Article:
Weighted Voting — Assigning Multiple Votes Per Ballot

Multiple votes per ballot (also known as weighted voting) is a way of allowing one person to have more influence on an election. With weighted ballots, you can ensure that, for certain voters, their vote has more impact (their single "vote" is worth more votes per ballot) than other voters who have a lower weighting (their single "vote" is worth fewer votes per ballot).

Setting Up Weighted Voting

  1. After you have proceeded to the "Voters" stage of your election setup, selected "Weighted Voting" from the list of "Voter Options" at the top of the page.
  2. Scroll down to the "Voter Information" section, and choose "Copy and paste or type a voter list". Enter the weighting for each voter. Each voter must receive a weighting.
    Your voters' weights can be a decimal (with up to two decimal points/up to the hundredth place), or a whole integer number. If your voters have weightings that extend past the hundredth place, you can multiply the weighting by the correct factor of 10 to turn the weighting into a supported value. For example, if your weighting is 1.235, you can multiply this by 10 to get 12.35; if your weighting is 1.2356, you can multiply this by 100 to get 123.56, and so on.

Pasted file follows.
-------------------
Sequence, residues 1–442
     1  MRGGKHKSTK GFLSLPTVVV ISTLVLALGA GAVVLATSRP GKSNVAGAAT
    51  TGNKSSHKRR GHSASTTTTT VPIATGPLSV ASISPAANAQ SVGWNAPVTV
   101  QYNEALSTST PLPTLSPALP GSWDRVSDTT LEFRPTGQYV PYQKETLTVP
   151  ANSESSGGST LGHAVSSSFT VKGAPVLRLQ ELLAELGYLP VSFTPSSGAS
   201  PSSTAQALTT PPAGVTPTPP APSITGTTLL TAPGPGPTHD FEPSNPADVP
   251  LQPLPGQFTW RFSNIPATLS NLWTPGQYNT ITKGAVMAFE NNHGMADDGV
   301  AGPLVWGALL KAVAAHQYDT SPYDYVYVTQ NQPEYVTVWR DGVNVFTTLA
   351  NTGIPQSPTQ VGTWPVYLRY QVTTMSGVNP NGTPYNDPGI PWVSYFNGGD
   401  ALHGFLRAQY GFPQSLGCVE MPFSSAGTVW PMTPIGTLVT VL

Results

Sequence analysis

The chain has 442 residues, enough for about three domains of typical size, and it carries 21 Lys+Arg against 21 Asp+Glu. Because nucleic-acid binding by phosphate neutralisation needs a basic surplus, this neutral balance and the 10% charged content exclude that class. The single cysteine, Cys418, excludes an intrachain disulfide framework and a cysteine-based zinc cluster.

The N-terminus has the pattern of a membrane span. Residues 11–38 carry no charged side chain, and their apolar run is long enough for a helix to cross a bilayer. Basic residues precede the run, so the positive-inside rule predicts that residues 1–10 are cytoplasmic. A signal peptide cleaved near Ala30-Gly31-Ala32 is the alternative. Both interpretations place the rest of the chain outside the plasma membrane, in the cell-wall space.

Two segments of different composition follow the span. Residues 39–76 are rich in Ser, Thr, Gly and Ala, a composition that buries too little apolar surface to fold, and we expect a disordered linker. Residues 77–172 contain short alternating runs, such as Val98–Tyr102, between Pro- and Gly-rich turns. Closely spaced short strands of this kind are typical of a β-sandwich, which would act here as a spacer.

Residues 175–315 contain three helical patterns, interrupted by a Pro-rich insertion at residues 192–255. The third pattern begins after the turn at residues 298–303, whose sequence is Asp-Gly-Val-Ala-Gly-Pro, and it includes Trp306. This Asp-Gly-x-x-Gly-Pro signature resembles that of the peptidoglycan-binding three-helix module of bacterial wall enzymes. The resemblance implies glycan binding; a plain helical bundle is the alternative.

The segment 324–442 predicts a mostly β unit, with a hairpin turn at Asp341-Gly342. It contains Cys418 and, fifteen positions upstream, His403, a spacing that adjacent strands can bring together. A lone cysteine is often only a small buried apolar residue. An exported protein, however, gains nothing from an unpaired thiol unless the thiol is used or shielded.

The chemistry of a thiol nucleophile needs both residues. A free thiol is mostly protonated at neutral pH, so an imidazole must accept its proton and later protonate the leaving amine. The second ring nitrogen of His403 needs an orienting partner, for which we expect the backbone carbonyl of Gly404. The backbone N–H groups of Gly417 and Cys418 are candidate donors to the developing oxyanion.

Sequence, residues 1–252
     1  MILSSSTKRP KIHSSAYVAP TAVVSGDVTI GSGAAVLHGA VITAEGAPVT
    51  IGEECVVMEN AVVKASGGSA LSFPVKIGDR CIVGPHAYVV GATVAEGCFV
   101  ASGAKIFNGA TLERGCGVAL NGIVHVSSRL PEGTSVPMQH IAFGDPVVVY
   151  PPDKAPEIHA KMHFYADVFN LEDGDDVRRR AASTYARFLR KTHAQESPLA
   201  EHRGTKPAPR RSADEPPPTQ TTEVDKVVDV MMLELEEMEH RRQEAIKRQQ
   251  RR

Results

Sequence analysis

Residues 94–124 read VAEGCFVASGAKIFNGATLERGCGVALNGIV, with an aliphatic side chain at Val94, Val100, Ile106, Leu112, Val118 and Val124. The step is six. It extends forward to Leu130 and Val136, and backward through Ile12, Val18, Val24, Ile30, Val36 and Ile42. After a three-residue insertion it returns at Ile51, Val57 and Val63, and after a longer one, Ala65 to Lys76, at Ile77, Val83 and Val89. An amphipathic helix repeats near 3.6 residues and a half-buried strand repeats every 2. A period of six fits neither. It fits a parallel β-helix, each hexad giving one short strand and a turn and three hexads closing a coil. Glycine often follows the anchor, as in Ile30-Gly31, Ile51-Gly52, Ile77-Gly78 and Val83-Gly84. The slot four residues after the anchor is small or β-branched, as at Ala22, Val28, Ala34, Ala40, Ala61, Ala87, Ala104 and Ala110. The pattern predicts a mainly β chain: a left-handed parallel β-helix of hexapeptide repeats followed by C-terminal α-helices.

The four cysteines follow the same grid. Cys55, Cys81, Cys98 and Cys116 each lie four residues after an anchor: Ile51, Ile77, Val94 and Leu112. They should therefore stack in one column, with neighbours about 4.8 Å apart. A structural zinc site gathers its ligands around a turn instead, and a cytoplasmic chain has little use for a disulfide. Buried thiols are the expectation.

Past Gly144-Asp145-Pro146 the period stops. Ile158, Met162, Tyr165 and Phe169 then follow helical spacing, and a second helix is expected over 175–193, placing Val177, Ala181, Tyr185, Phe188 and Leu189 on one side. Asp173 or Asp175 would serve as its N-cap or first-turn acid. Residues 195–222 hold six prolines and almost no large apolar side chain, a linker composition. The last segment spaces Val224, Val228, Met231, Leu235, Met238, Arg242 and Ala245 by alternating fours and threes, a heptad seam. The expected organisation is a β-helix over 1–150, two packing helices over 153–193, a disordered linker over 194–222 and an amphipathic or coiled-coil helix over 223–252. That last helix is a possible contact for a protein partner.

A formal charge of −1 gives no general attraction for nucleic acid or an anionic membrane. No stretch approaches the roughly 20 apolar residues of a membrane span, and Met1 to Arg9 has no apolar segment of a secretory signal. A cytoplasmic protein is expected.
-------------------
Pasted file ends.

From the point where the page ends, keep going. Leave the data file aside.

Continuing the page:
At the end of your election, divide the results by the multiplication factor that you used to adjust the weights to get the actual results!
    1. Alternatively, instead of typing your weights out in ElectionBuddy, you can copy and paste this information from an Excel spreadsheet, or you can upload a CSV. 
    2. If you have a voter list from a previous election, you can use it as well. The previous elections' voter list doesn't necessarily have to have weights for your voters; you can add those after. 
  3. When viewing your results, ElectionBuddy will show you the total number of votes cast for each candidate/option, and tallies the results using the total number of votes cast. 

Uses for Weighted Voting

While weighted voting can be used for a variety of applications, it is prominently seen in elections done by homeowners associations and condominium boards. Many condominium bylaws state that the number of votes someone receives is set by how much square feet they own. 

  • For example, in a condominium board election, John owns 5 units in a building, totalling 18,000 sq. ft., and Amanda only owns 1 unit for 2000 sq. ft . 
  • If an owner receives one vote for every 1000 sq. ft. of property they own, you would set John up with a weighting of 18 votes per vote cast, and Amanda would have a weighting of 2 votes per vote cast.

It can also be used for things like shares within a company. Or, if voting at a meeting, and the voters at the meeting are representatives of groups of people within your organization, you may assign weights based on the proportional representation of those representatives.

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